Moving from USB to Thunderbolt 3 solves the resource issue for external capture cards in a definitive way. That’s how the Live Gamer Bolt can capture 4K 60Hz HDR footage as well as faster frame rates at lower resolutions. This external card is functionally as capable as an internal card but doesn’t require installation. So, any Windows system with a Thunderbolt 3 port will work.

Macs are supported as well, which means a Mac Mini or MacBook Pro could be the ideal pairing with the Live Gamer Bolt. There is, however, one major caveat with Mac computers. At the time of writing, AVerMedia doesn’t support the M1 Mac ecosystem at present. Posts from AVerMedia’s
technical support staff indicate that an M1 driver is in development, but there’s no indication of when it will be released. It’s also worth noting that only Windows allows for HDR capture at the moment, even if you’re using an Intel Mac.

Thunderbolt 3 is becoming more common on laptops and can be added to many motherboards using a compatible add-in card. That makes the Live Gamer Bolt a more flexible solution than comparable internal 4k capture cards. Its current Mac limitations are regrettable, but it’s a great way to turn your Thunderbolt-equipped laptop into a professional streaming powerhouse.

Best 4K Capture Card

AVerMedia Live Gamer Bolt

If you need to capture 4K footage, you’ll want to get the Live Gamer Bolt. It even works with Intel Macs! Just make sure you have a Thunderbolt 3 port.

AVerMedia

Pros

  • ✓ Dual HDMI input allowing high-end camera usage
  • ✓ 4K60 and 1080p 240 passthrough

Cons

  • ✗ Limited to 1080p capture

Streaming is about more than just finding a way to get incoming footage onto a service like Twitch. A streaming setup consists of many moving parts that come together to craft an attractive and professional stream.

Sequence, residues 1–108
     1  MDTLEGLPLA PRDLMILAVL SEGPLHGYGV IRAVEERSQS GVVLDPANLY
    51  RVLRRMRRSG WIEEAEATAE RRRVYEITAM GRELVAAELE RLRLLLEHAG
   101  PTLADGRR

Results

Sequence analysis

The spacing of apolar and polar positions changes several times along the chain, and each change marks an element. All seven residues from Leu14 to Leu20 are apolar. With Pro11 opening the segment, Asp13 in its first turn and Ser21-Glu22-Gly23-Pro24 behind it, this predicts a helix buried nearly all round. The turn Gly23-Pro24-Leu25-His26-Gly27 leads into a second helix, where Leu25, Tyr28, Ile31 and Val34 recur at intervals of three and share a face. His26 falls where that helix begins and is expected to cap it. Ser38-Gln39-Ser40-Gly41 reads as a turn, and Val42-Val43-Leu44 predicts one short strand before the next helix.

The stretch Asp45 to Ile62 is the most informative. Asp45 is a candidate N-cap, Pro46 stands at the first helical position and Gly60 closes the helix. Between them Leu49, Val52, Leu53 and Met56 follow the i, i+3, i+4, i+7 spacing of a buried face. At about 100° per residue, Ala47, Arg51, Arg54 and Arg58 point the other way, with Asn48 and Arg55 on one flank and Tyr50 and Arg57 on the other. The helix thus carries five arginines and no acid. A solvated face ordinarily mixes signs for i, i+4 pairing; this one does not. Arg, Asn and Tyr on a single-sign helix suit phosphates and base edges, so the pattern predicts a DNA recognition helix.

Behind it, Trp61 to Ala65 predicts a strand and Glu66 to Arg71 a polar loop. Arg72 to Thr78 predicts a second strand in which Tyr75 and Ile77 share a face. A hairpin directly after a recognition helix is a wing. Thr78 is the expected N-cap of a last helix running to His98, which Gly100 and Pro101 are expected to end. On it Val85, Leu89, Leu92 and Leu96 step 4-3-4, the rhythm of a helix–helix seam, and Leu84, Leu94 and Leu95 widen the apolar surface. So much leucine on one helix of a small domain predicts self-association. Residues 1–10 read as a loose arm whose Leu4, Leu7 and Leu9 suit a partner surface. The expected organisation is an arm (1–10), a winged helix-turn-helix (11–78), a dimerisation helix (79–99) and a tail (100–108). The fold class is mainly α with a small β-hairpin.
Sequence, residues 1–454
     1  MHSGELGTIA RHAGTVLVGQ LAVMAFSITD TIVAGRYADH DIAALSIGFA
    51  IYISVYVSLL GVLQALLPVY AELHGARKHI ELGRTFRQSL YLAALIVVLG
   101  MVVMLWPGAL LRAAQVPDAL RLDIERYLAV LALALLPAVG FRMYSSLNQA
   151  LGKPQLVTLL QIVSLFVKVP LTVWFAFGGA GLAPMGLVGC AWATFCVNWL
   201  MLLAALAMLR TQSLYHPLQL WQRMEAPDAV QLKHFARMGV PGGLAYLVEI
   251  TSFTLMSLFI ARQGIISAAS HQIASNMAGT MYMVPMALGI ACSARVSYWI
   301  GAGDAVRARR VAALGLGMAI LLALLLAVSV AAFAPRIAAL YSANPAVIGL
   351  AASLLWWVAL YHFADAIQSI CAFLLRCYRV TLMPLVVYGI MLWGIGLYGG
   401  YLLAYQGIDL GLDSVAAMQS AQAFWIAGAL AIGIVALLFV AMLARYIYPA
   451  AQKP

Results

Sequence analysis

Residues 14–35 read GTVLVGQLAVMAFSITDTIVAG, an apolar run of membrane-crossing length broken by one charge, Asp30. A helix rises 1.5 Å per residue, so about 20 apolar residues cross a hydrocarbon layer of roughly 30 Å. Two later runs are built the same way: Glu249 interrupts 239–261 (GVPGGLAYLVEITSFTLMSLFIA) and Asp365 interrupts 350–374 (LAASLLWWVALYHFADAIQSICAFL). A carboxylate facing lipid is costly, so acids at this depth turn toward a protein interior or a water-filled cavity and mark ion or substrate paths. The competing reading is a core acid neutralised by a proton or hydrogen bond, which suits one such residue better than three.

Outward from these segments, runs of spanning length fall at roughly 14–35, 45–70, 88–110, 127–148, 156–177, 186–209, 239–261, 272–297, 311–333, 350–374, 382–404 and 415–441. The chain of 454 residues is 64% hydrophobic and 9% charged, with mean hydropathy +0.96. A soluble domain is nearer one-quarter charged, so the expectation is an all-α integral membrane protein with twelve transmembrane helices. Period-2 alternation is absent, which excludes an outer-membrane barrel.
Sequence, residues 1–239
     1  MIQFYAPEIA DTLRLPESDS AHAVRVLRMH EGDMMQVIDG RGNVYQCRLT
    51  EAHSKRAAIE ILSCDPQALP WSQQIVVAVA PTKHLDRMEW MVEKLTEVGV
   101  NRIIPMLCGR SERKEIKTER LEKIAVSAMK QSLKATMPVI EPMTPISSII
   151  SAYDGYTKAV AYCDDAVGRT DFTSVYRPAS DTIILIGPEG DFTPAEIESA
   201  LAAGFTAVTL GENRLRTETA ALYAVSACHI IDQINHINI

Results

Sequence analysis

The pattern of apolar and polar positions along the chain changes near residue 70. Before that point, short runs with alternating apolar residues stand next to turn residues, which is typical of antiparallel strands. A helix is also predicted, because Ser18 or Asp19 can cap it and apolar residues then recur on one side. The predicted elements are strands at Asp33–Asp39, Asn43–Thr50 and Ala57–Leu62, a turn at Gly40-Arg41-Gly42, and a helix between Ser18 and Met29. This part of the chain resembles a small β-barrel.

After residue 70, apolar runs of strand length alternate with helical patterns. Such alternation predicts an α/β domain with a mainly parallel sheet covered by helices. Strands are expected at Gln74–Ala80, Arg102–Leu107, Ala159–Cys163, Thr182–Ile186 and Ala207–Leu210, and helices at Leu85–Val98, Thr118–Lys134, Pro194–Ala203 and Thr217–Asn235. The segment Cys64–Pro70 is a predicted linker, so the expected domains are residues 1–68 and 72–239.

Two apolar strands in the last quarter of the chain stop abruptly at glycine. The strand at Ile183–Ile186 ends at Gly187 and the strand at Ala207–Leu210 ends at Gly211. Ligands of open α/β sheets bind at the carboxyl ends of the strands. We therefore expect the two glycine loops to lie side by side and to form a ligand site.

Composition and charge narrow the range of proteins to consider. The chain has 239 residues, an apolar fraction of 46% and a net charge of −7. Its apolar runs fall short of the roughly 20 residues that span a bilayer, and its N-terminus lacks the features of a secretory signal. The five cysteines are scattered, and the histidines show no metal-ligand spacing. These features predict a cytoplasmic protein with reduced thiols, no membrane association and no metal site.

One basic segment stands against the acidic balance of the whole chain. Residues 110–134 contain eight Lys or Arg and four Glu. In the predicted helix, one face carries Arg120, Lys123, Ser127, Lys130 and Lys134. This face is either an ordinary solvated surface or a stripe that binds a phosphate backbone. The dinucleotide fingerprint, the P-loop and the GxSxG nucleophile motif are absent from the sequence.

As such, the Live Gamer Duo is one of the best products we’ve seen for a livestream setup. While it isn’t at the technical cutting edge, it has several useful features that make life much easier for low- to mid-budget streamers.

The best feature the Live Gamer Duo has is its dual HDMI inputs. This allows you to plug a camera into the second port and then mix the gaming and camera inputs using your favorite broadcasting software. No USB webcam setup will compare to a direct HDMI camera feed, so this card really helps your whole streaming setup punch above its weight.

Another killer feature is the asymmetrical passthrough and capture. Even though this card is limited to capturing uncompressed 1080p 60Hz footage, you can pass through almost any resolution you like. You can still enjoy 4K60, 1440p144, and 1080p240 imagery on your local display, while keeping the livestream at the 1080p resolution most viewers will be watching on.

If you’re someone looking to set up a dedicated streaming solution with high-quality camera footage, this is the card we’d recommend for most of you.

Best Capture Card for Streaming

AVerMedia Live Gamer Duo

If you need a capture card that’s optimized specifically for streaming, the Live Gamer Duo will be the perfect pick. With dual HDMI ports, you can have your gameplay and camera looking great.

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$233.98
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Article From: HowToGeek